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Another look at gold’s true fundamentals

By: Steve Saville, The Speculative Investor

 -- Published: Tuesday, 20 March 2018 | Print  | Disqus 

The major long-term driver of the gold price is confidence in the official money and in the institutions (governments, central banks and private banks) that create/promote/sponsor the official money. As far as long-term investors are concerned the gold story is therefore a simple one: gold will be in a bull market when confidence in the financial establishment (money, banks and government) is in a bear market and gold will be in a bear market when confidence in the financial establishment is in a bull market.

In real time it often doesn’t seem that simple, though, because on a weekly, monthly or even yearly basis a lot can happen to throw an investor off the scent. However, the risk of being thrown off the scent can be reduced by having an objective way of measuring the ebbs and flows in the confidence that drives, among other things, the performance of the gold market. That’s why I developed the Gold True Fundamentals Model (GTFM). The GTFM is determined mainly by confidence indicators such as credit spreads, the yield curve, the relative strength of the banking sector and inflation expectations, although it also takes into account the US dollar’s exchange rate and the general commodity-price trend.

An alternative to objective measurement is to rely on gut feel, but gut feel is notoriously unreliable in such matters because it is, by definition, influenced by personal biases. For example, it will be influenced by “projection bias”. This is the assumption that if you perceive things in a certain way, then most other people will perceive them in the same way. Projection bias plays a big part in a lot of gold market analysis. The market analyst will observe central bank or government actions that from his/her perspective are blatantly counter-productive, and go on to assume, often wrongly, that most market participants will view the actions in the same way.

Another alternative is to assume that gold’s fundamentals are always bullish and therefore that any large or lengthy price decline must be the result of a grand price-suppression scheme. Given its absurdity it’s amazing how popular this line of thinking has become in the gold market. Then again, it’s a line of thinking that has been aggressively promoted over the past two decades and has a certain emotional appeal.

Due to the effects of market sentiment the gold price occasionally will diverge from its ‘true fundamentals’ (as indicated by the GTFM) for up to a few months, but ALL substantial upward and downward trends in the gold price over the past 15 years have been consistent with the fundamental backdrop.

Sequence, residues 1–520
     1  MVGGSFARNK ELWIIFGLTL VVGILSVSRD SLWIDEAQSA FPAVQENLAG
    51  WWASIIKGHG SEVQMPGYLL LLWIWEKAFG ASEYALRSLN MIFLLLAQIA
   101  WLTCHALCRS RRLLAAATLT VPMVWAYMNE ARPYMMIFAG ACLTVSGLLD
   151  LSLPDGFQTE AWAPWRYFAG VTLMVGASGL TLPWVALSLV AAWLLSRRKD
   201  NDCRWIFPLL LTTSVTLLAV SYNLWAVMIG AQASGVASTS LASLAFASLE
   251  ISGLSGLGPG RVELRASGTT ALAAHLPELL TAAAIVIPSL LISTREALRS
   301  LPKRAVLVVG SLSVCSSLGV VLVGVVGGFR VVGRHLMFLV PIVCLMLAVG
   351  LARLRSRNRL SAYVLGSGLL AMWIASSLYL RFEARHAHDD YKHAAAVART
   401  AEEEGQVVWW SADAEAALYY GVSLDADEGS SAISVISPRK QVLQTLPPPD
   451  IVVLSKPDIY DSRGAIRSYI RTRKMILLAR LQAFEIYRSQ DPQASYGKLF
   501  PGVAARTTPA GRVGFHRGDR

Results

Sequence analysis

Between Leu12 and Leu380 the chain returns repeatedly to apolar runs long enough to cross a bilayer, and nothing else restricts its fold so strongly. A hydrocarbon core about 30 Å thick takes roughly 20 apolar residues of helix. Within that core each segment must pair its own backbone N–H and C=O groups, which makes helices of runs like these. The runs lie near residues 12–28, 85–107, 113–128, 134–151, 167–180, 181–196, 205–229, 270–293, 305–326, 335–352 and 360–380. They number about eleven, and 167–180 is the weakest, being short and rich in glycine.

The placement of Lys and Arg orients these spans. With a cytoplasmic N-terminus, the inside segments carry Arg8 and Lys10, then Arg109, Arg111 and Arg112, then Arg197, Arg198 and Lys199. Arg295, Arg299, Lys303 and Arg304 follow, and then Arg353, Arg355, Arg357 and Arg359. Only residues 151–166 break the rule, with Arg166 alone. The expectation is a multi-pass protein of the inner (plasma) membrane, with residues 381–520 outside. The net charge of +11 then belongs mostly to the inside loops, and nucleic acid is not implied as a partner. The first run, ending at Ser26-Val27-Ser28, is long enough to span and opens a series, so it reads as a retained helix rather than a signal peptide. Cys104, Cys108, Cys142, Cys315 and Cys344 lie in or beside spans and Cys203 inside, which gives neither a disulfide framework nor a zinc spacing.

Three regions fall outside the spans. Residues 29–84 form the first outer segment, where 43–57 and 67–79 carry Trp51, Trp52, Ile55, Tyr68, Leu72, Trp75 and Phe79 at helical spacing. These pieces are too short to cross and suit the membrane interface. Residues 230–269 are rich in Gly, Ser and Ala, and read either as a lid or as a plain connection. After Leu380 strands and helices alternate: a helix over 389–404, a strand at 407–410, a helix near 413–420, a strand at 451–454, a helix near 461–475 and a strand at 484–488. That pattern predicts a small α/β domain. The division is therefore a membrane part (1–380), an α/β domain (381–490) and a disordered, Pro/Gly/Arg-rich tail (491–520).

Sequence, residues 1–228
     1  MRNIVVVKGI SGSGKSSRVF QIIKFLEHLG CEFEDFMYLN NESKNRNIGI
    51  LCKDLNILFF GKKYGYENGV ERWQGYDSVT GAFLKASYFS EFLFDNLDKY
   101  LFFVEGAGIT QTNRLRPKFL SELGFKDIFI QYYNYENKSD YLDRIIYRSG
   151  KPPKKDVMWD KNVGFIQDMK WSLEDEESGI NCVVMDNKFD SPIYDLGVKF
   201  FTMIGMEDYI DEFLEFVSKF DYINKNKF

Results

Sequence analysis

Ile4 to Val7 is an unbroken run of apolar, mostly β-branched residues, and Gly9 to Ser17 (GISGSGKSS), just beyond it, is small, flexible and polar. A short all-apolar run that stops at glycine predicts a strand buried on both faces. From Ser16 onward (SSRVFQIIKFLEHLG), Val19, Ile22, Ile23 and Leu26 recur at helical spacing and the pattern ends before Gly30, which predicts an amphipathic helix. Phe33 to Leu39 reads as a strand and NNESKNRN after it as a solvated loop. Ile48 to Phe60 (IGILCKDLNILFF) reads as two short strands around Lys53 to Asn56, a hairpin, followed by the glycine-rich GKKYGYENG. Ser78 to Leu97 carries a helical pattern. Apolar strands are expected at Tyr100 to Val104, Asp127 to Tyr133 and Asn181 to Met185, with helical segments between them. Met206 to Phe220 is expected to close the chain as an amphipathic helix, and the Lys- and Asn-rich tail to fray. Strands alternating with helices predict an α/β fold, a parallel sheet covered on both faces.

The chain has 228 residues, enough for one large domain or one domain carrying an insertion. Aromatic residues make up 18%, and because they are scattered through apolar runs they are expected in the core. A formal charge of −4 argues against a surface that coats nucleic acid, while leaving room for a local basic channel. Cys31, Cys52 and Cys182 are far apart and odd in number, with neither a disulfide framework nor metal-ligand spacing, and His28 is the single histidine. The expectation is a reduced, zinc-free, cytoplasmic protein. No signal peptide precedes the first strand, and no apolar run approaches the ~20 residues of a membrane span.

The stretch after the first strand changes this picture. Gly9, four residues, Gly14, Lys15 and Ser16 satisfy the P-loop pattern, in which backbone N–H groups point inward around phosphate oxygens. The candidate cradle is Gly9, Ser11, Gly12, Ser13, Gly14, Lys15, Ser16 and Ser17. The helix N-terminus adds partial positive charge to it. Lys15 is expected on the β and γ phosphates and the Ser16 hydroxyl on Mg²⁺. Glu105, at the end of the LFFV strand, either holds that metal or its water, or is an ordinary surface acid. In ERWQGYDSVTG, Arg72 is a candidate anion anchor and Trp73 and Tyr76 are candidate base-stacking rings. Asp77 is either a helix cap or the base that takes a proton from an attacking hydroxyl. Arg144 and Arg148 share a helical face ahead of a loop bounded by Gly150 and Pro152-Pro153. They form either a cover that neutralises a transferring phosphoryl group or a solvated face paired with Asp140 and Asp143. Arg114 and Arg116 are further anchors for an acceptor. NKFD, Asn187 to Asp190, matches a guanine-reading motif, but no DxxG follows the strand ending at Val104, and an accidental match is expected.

Does this invalidate the idea that manipulation happens in the gold market?

Of course not. Every experienced and knowledgeable trader/investor knows that all financial markets have always been subject to manipulation and always will be subject to manipulation. It does, however, invalidate the idea that there has been a successful long-term gold-price-suppression program.

The current situation (as at the end of last week) is that gold’s true fundamentals, as indicated by the GTFM, have been bearish for the past 10 weeks. Also, the true fundamentals have spent more time in bearish territory than bullish territory since the second half of last September. Refer to the following chart comparison of the GTFM and the US$ gold price for details.


Now, considering the fundamental backdrop it seems that the gold price has held up remarkably well over the past several months, but that conclusion only emerges if your sole measuring stick is the US$. When performance relative to the other senior currency (the euro) and the world’s most important equity index (the S&P500) are taken into account it becomes clear that the gold market has been weak. Here are the relevant charts.



The fundamental backdrop is continually shifting and potentially could turn gold-bullish within the next few weeks. It just isn’t bullish right now. Also, there could be a strong rally in the US$ gold price in the face of neutral-bearish fundamentals. If so, we would be dealing with a US$ bear market as opposed to a gold bull market.

In a gold bull market the ‘value’ of an ounce of gold rises relative to the major equity indices and both senior currencies. For this to happen the true fundamentals would have to be decisively bullish most of the time.

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 -- Published: Tuesday, 20 March 2018 | E-Mail  | Print  | Source:

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E-mail: Steve Saville


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